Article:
Weaning: Following improvement in oxygenation and after a 4 h to 6 h period of stability, during which the inspired oxygen concentration is decreased to 60% to 80%, or the OI falls to ≤10, the dose of iNO should be weaned. An accepted method of weaning is to decrease the dose by 50% at 4 h to 6 h intervals as long as the OI remains at ≤10. Once a dose of 5 ppm has been attained, the dose should be decreased more gradually, by 1 ppm every 4 h and discontinued at 1 ppm if the infant remains well oxygenated in <60% oxygen with PaO2 consistently >50 mmHg [3][7]. Abrupt cessation of iNO therapy may be followed by severe hypoxemia secondary to the downregulation of endogenous NO production and should be avoided [19]. If deterioration occurs during weaning or after treatment has been discontinued, the dose should be increased to the previous level or iNO therapy should be restarted. Once the infant has improved, weaning should be slower, taking place over a 24 h to 48 h period.

Duration of use: The safe duration of iNO therapy is unknown. The mean duration of therapy in trials was 48 h to 96 h, and most randomized trials demonstrated that 90% of treated infants were off iNO therapy within one week of its initiation [3][4][7]. Infants who cannot be weaned from iNO after seven days should be carefully evaluated for other forms of lung pathology and cardiac disease.

Is iNO toxic?

The potential toxicity of iNO is important to consider when initiating therapy. The main concerns involved with iNO toxicity include production of NO2 and methemoglobin, decreased platelet aggregation, increased risk of bleeding and surfactant dysfunction. No severe side effects of iNO have been reported, and at the starting dose of 20 ppm, and up to 40 ppm, there is minimal toxicity [2]-[4][7]-[11].

NO2 production: One of the concerns with the use of iNO is the chemical reaction that converts NO to NO2 in high oxygen concentrations in the ventilator circuit and airways. NO2 is cytotoxic and can cause pulmonary injury at concentrations >5 ppm. In the iNO clinical trials, the peak level of NO2 was 0.8±1.2 ppm; no gas was discontinued due to toxicity [3]. iNO at doses <80 ppm is not associated with significant NO2 levels.

Methemoglobin: NO is absorbed into the blood where its binds to the ion of the heme protein, subsequently producing nitrosyl-hemoglobin, which is oxidized to methemoglobin with the release of nitrates [20]. Methemoglobin levels should be measured frequently and kept <2.5%. With standard iNO doses, methemoglobinemia is unusual. In the Neonatal Inhaled Nitric Oxide Study Group (NiNOS) trial, the peak level of methemoglobin was 2.4%±1.85% [3]. Premature infants are at a higher risk of methemoglobin toxicity due to reduced levels of methemoglobin reductase, but at iNO doses of <20 ppm, methemoglobin levels were not elevated [13][14].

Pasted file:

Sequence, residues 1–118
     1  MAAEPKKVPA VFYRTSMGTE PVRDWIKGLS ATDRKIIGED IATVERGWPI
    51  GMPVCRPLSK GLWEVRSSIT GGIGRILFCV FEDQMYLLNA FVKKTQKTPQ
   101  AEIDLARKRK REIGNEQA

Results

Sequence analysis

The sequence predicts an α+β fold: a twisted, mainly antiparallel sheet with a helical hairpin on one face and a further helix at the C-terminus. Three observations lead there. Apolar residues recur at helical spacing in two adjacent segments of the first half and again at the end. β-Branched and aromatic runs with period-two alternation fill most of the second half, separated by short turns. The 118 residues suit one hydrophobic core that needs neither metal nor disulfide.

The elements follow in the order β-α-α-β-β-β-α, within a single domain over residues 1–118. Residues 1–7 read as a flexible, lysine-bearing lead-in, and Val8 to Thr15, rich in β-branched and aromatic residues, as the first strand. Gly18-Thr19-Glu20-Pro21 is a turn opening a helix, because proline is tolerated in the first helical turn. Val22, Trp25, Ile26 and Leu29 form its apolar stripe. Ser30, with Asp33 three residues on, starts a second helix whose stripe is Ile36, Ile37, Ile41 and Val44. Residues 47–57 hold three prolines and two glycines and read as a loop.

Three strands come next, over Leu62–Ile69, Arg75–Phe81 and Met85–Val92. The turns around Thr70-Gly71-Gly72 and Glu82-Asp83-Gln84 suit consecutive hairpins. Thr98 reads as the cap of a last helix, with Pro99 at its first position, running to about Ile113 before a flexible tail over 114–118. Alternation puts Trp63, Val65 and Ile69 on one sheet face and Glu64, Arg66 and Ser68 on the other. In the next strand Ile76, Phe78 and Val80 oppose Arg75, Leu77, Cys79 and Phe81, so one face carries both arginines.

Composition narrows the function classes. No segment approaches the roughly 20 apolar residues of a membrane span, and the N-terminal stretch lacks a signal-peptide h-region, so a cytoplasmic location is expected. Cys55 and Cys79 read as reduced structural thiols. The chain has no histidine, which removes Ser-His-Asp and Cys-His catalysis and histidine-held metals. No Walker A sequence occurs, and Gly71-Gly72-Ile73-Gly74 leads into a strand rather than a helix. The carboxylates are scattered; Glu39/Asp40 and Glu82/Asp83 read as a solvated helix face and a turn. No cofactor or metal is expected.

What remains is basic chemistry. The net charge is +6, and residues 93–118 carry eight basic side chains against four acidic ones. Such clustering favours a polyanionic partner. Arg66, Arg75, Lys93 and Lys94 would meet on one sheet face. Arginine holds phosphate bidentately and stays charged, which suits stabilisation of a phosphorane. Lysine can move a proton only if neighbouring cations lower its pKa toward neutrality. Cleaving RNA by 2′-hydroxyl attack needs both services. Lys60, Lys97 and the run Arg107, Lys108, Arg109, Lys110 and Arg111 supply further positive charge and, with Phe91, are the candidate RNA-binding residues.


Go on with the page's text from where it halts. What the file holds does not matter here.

iNO use in the term infant with severe hypoxic respiratory failure improves oxygenation and decreases the combined outcome of death or need for ECMO, mainly by decreasing the use of ECMO. iNO use is not effective for most infants with congenital diaphragmatic hernia. Its role in the management of the preterm infant has yet to be established. iNO use is safe when administered in tertiary care NICUs under strict protocols and monitoring. The starting dose in term infants is 20 ppm, with gradual reduction of the dose following improvement of oxygenation. At the recommended doses, iNO is associated with minimal toxicity.


Members: Ann L Jefferies MD (Chair); Thierry Lacaze-Masmonteil MD; Abraham Peliowski MD; S Todd Sorokan MD; Richard Stanwick MD (Board Representative); Hilary EA Whyte MD
Liaisons: Michael S Dunn MD, CPS Neonatal-Perinatal Medicine Section; Sandra Dunn MScN, Canadian Perinatal Programs Coalition; Andrée Gagnon MD, College of Family Physicians of Canada; Robert Gagnon MD, Society of Obstetricians and Gynaecologists of Canada; Juan Andrés León MD, Public Health Agency of Canada; Patricia A O’Flaherty MN MEd, Canadian Association of Neonatal Nurses; Lu-Ann Papile MD, American Academy of Pediatrics, Committee on Fetus and Newborn
Consultant: Robin K Whyte MD
Principal author: Abraham Peliowski MD


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Disclaimer: The recommendations in this position statement do not indicate an exclusive course of treatment or procedure to be followed. Variations, taking into account individual circumstances, may be appropriate. Internet addresses are current at time of publication.

Last updated: Jan 30 2017